11. Hi Ben, I want to use a palm sander to do my oak floors. There isn’t much vanish on them but there are areas with paint on it (house flippers we bought it from painted the house with out protecting the floor and then put carpet down). Should I still start with 40 grit?

    1. absolutely, I wouldn’t dream of starting any higher than 40 with a palm sander, unless you love arm-numbing back breaking work!

  12. Thank you for a great site!
    I will be sandning down a 3-4mm oak floor to get rid off varnish and color. The floor is otherwish in god condition. I am buying a belt sander. I figure I should get a fairly wide (4 inch) and powerful (940W, belt speed 380meters/minut) sander (Maktec MT941). Does it have to have a variable belt speed?

    Regards
    Simon Lundberg
    Sweden

  13. Hi ,

    I’ve a really silly question for you, please excuse my ignorance as i’ve no clue about DIY, Flooring etc.
    Just bought a 1950s property covered in carpet, we had planned to put in laminate floors as we are on a budget but upon removing the carpet we found some beautiful hardwood underneath!
    Im looking to stain and seal (is this the correct terminology im not sure) these floors. They appear to be unfinished – ie: it doesnt look like there is any varnish etc on them – Do they still need to be sanded down with a belt sander or could i get away with hand sanding (like with sand paper) around the edges where there was wood installed to hold down the carpet?
    Excellent site by the way, some great information!

    1. its tough to say without seeing the floor. It definitely does need some sanding just to ensure you have a clean, virgin surface. if its in that good of a condition then maybe you could get away with a palm sander or a big orbital/multi head sander

  14. Hi Ben, thanks so much for replying to everyone’s posts! I’ve got a question about sunlight discoloration on an ash hardwood floor. We just bought a house and it’s got 20 year old pre-finished ash hardwood in it (about 1400 sq ft of it!). Everywhere that there was an area rug is the original beautiful ash colour and everywhere else is a terrible yellow. I’m going to sand and refinish and am wondering what kind of finish you would recommend for preventing the yellowing to happen again? Or is yellowing inevitable? Thanks!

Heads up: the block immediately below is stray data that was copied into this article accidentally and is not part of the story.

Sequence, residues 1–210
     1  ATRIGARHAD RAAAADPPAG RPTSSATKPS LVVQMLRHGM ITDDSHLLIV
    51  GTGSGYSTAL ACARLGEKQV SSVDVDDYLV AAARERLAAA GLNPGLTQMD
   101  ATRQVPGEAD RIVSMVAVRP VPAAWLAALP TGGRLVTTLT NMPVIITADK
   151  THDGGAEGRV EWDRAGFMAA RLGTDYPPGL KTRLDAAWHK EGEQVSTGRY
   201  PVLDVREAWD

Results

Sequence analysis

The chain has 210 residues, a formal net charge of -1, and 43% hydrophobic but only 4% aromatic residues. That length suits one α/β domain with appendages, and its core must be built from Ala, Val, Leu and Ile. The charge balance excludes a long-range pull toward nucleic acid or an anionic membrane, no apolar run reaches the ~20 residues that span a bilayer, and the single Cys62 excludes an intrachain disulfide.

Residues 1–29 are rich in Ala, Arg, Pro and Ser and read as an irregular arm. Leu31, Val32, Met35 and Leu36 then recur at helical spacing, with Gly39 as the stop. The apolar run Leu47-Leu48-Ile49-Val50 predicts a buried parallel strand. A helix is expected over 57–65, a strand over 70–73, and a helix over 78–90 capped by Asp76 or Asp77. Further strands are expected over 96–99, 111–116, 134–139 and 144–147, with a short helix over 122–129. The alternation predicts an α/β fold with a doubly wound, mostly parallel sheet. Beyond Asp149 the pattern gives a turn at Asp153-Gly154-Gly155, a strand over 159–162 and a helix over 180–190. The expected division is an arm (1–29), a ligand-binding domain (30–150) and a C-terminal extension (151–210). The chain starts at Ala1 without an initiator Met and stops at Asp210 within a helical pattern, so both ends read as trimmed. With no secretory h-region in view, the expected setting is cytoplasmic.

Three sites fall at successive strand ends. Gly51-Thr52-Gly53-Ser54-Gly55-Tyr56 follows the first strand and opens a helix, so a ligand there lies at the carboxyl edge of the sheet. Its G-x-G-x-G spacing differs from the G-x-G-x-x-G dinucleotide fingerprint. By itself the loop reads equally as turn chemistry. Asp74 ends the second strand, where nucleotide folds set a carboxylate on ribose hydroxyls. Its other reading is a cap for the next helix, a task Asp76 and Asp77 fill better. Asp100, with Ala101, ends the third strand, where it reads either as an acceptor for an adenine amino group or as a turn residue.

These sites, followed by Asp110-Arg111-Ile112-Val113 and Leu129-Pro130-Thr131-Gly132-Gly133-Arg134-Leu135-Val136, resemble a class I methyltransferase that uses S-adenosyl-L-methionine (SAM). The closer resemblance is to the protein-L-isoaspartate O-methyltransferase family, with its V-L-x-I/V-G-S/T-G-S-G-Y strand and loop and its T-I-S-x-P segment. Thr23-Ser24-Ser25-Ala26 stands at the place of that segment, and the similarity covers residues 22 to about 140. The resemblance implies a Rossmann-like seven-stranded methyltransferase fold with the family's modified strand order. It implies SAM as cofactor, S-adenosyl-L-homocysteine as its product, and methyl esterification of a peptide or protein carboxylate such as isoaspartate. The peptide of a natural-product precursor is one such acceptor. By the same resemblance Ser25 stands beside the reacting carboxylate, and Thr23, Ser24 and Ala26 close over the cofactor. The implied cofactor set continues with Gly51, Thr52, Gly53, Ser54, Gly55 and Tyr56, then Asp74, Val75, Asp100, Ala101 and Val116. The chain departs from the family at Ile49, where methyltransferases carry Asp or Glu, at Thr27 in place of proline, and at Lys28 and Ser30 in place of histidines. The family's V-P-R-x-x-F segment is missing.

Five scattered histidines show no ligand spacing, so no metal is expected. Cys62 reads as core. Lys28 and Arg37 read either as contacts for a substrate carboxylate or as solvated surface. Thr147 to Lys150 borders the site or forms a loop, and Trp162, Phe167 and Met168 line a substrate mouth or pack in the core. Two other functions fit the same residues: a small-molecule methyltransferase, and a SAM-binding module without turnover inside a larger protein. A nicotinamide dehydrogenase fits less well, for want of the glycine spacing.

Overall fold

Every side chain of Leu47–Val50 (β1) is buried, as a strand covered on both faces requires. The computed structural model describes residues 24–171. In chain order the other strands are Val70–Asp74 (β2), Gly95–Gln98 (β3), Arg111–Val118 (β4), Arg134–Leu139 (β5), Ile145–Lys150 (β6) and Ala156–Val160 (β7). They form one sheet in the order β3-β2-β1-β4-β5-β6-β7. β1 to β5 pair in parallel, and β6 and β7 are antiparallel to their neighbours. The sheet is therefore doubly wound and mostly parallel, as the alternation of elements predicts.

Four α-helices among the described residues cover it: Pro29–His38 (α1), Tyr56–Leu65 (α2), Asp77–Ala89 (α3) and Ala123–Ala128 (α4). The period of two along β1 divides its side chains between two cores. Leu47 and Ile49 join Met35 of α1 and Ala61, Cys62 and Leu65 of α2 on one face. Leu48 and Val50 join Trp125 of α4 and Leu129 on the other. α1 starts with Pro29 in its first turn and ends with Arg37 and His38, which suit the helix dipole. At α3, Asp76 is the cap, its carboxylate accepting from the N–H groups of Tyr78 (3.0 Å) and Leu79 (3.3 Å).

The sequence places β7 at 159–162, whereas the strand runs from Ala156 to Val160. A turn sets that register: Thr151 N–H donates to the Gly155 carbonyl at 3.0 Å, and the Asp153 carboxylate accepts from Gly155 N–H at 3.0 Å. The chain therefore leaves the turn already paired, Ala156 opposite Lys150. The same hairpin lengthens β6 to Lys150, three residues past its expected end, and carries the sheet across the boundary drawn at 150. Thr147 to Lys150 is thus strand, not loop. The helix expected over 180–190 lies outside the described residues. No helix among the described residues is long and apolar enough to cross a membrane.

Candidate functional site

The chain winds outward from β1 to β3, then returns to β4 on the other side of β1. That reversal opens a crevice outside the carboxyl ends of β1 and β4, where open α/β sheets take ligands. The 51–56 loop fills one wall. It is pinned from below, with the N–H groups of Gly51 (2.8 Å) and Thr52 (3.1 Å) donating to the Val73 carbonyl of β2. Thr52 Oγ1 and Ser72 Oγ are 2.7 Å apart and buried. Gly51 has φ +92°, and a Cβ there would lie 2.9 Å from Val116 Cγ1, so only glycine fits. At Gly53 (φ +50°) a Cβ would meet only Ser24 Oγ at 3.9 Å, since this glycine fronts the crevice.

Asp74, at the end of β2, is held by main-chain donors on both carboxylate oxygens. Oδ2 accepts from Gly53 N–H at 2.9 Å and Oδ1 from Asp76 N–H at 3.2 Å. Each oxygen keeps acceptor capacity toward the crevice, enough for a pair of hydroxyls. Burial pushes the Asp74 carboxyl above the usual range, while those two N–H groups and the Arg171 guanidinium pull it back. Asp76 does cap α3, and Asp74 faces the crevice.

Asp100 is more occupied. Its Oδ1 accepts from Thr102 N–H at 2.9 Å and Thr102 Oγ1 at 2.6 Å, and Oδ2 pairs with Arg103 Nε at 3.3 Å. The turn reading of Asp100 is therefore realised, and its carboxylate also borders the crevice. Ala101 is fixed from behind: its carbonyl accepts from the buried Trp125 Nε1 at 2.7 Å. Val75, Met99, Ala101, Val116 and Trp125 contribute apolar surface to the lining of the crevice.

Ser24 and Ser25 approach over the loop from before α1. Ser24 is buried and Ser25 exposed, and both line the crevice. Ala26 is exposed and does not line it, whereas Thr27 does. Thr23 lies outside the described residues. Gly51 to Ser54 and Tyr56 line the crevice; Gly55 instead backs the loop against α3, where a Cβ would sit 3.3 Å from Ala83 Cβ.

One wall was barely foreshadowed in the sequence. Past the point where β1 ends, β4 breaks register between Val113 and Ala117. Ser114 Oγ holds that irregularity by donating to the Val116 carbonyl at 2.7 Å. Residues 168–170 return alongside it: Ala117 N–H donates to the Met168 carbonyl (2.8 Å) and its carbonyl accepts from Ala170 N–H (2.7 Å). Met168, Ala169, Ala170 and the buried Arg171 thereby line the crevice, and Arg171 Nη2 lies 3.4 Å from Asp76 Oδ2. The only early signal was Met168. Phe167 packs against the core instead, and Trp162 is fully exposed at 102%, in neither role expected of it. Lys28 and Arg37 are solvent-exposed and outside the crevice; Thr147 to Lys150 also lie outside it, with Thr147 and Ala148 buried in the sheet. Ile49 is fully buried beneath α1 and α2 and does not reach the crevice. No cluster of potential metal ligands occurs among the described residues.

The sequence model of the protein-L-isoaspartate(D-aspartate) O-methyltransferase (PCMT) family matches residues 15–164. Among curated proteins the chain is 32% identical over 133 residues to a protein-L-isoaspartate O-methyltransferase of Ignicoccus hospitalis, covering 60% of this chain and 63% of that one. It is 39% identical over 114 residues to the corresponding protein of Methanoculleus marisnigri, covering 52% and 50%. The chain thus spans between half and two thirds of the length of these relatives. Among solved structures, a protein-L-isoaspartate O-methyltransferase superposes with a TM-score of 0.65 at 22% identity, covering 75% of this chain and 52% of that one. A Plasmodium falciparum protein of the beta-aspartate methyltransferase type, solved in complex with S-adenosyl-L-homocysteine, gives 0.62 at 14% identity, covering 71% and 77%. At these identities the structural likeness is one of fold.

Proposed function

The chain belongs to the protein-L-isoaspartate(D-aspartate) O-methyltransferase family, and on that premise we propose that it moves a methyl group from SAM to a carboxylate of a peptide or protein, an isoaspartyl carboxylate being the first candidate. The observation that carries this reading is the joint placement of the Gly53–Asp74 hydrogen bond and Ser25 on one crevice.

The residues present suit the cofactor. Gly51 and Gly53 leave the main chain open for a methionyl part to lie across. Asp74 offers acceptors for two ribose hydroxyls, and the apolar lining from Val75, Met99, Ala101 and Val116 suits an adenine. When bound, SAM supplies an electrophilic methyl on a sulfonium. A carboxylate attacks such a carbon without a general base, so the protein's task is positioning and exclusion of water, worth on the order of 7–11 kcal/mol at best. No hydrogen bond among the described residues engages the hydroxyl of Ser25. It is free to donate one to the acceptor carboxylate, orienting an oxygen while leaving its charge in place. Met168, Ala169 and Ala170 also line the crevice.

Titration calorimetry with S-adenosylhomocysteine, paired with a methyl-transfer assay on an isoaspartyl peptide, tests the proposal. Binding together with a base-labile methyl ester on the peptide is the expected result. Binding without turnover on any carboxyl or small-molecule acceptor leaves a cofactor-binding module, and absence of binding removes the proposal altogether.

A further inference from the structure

1. Unfortunately, it is inevitable. Use waterbased lacquer with a waterbased primer to try and limit it as much as possible. The waterbased finishes dont discolor, its just he wood surface itself that discolors (infact it discolors about 0.5mm deep!)

  15. I found that I could not lift a floor sander up my stairs -100 lb- had no one to help, and bc it was only one room, no refinisher would take the job.

    I ended up w a heavy edging tool rental and it sucked so badly I did this search n saw your blog. I’ll try the belt sander for the 60 g and up.

    Thank you.

  16. Interesting that our 1926 house has maple flooring in all the rooms, except the living and dining room. We ripped up carpet years ago with the thought of refinishing the floors. Of course, 4 kids later, we never had the money to do it. The finish has been “worn” off. Not much left, just a natural patina. I would like to lightly sand, and use a hardening oil and buff. I just like the feel of natural wood over poly. It just seems poly scratches too easily with pets and ends up looking bad and makes repairs almost impossible. Do you know the best brand of oil to use on the floors? How do we transition from the oak to maple? There is a crosswise divider between the oak & the maple from the living/dining areas to the foyer. Any advise is greatly appreciated.

    1. Im not sure about the lacing in. As for the oil, I’d recommend Pallmann Magic Oil. It’s very hard wearing yet a very pure natural finish.

  17. I am a n elderly lady who knows how to do hard work, but how much time will it take to. Repair ( dog pee ) 9×12 floor and then sand the floor by hand? Is this something I can do in a week or so?

  18. The problem with renting a floor sander, or even hiring a “pro,” is lead dust. I just returned a rented samder to the store because I tested it with a lead swipe (available at hardware stores) and found it to be contaminated with lead. All ot takes is one schmo using the tool to sand a floor with lead paint to contaminate the tool. Contrary to what some say, lead dust is not easy to remove, especially from rough areas like a wood floor. HEPA vacs don’t work. Testing will show this.